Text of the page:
Thanks for visiting my blog. Hope you find some helpful hints for organizing your time and space. My passions are to help you make home a refuge instead of a crisis center, and to help you function in peace rather than chaos - at home or at work. I have switched my main blog to 1-2-3 ... Get Organized on WordPress, so please visit me there.

Tuesday, January 19, 2010

10 Types of Emotional Clutter

One of the most popular New Year's resolution is to get organized. And much of that relates to clutter. Since January is Get Organized month, I thought you might enjoy thinking about the reasons why we hang on to clutter. I found these on Carole Fogerty's blog. Any look familiar?

"1. Emotional guilt clutter:
Presents and gifts hiding around your house that are not lot loved nor used can be classified as clutter. You simply feel obliged to keep them. If you threw them out you would feel guilty.

Shift your thinking to “conscious sharing” or “re-gifting”. Start this year by “re-giving” your unwanted, unloved gifts to those who really would value and appreciate them and release the emotional guilt energy from your home once and for all.

2. Fear of “lack” clutter:
You keep all kinds of stuff just in case. Just in case you might need it some day, just in case you couldn’t afford to buy another one in the future, just in case you might read it some time soon, just in case you lose weight or just in case for no particular reason. The fact that you haven’t used it in 2, 3 or 5 years generally means its once useful purpose has expired.

To create flow in your life things must be constantly be coming in and going out. You must let go when no longer needed and receive when necessary. Once you block stuff going out of your life ( by holding onto your clutter with scarcity and fear of lack) you stop the flow of abundance.

3. Unhappy relationship clutter:
Keeping stuff from past unhappy relationships keeps a part of you tied to that relationship and tied to the past.

There is absolutely nothing healthy or advantageous from hanging onto memorabilia or gifts from a past unhappy relationship. Be strong, be honest and ask yourself, what is the benefit for holding onto these things.

If in doubt as to your attachment and the draining effect then try the “energy up, energy down” exercise.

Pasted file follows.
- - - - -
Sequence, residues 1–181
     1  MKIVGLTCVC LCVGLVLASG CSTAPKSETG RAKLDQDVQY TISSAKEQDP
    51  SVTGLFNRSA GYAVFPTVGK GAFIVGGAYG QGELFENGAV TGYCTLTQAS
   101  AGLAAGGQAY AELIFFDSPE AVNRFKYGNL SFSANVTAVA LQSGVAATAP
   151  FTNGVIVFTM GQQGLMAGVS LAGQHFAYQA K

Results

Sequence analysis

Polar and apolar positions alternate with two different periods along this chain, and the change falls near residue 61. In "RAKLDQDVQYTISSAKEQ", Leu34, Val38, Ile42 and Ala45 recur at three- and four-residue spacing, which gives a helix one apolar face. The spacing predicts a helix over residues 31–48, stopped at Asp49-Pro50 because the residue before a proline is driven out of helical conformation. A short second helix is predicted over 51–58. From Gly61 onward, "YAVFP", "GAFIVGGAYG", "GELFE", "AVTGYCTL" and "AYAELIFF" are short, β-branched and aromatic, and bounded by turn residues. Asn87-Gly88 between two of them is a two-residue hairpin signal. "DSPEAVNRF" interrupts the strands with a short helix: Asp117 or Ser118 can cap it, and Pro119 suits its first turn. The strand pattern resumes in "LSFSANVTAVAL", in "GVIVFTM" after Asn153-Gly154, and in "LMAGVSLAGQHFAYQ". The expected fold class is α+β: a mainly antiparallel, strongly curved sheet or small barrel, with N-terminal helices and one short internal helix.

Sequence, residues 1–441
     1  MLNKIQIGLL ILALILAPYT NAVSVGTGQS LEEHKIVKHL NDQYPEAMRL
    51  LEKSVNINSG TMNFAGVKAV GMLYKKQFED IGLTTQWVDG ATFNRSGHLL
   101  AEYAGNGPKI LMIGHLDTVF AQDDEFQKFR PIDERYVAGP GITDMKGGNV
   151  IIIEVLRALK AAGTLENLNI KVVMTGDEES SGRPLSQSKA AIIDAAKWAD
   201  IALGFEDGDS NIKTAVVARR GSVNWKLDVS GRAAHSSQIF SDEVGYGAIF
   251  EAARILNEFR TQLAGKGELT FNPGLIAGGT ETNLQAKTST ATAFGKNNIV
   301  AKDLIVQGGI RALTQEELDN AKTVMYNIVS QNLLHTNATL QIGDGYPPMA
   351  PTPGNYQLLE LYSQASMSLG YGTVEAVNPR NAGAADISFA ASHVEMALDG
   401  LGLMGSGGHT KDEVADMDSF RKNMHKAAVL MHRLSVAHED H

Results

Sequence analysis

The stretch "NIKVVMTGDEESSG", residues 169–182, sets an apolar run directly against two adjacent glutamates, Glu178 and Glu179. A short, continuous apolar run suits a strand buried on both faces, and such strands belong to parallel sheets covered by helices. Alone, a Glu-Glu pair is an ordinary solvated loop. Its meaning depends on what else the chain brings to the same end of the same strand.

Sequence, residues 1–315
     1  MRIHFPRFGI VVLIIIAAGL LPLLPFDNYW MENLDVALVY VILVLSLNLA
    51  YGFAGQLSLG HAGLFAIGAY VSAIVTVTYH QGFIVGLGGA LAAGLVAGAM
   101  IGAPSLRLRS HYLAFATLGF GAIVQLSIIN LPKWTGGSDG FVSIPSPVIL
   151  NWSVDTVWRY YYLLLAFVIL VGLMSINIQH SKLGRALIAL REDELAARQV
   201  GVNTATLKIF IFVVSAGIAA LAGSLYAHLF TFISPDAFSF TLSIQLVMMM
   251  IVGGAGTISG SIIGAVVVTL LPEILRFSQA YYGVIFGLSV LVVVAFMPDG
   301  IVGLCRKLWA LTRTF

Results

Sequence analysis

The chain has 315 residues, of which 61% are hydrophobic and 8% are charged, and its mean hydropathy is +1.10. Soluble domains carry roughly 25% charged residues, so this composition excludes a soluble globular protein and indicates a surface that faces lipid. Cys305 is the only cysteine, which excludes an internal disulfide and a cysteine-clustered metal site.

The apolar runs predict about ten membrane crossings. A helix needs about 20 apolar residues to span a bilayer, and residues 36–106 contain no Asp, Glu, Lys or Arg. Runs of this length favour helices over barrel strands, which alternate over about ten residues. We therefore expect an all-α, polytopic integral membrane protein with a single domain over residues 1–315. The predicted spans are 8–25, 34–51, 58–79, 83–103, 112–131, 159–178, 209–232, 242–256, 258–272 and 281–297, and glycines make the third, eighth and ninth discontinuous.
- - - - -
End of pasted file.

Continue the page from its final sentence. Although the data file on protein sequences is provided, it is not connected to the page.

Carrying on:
4. Depression clutter:
People with depression tend to have a lot of things stored on the floor. Stuff on the ground pulls your energies down and encourages you to withdraw from the world emotionally.

If your floor surfaces are covered with lots of stuff make an effort each day to start moving things up from off the floor. I guarantee it won’t be long until you start noticing a difference in your moods and how your home feels.

5. Addiction clutter:
Compulsive buying for the sake of it and addicted to sales and bargains without any thought simply adds to the congestion and confusion already filling your home and life.

Take an honest look at your stuff and see if you have any addiction clutter floating around. Better still never go shopping without a list, consciously choose what you intend to bring into your home and for every new item purchased throw out at least two. Keep the energy flowing.

6. Need to impress clutter:
You feel your sense of self worth is reflected by the appearance (or value) of the stuff in your living space. You generally don’t like many of your possessions but have them because they are the latest trend, most impressive or even most expensive.

Filling your home stuff to impress your ego or others, simply means you are out of alignment with your life and the energy in your home. This can be as obvious as a bookcase full of books that you never look at or even care about. It simply gives the impression you are well read and knowledgeable.

7. Unhappiness clutter:
Buying stuff to make you feel happy again is a quick fix solution. It does not bring deep long lasting satisfaction to your life and the item you bought only brings happiness momentarily. Unhappiness clutter can then turn into guilt clutter when you realize a few days later you don’t really need it and feel guilty for buying it.

8. Emotional hiding behind your clutter:
Overfilling your rooms, cupboards and home with stuff is often used to hide from the outside world or your true self. It keeps the attention away from you and focused more on the hundreds of nick knacks you have everywhere.

9. Denial clutter:
If you are scared of change then you will have denial clutter. You have a sense that your world may fall apart if you start removing serious amounts of clutter from your home. You may be consistent in throwing out surface clutter but when it comes to a serious clutter busting session to invite wonderful change you consistently tell yourself this item or that possession is not clutter.

Do you really need all those plates and salad bowls in your kitchen or clothes in your wardrobe?

10. Other peoples clutter:
When you look after stuff for other people get clear with how long you are minding it for. Short term is generally fine as you are being helpful. If however their stuff turns into annoyance or frustration then your act of kindness has evolved into energy draining clutter that’s not even yours. Your friends or family need to find other arrangements or put it in storage."

Enlightening, wasn't it?

More on clutter:

Hoarding - There Are No Easy Answers!

The "Do It Now" Mindset

Clutter in Your House or Office Means Clutter in Your Mind


Lowbudget said...

Thanks for this list. I am working on removing a lot of clutter at home and at work in my office.

Terri said...

Have you been watching the show called "Hoarders"? You can tell that many of these people they help on the show have emotional loss issues that they need therapy for. I was struck by one fellow who lost his father and kept the father's van that the father died in from a heart attack.Really helpful and insightful TV show.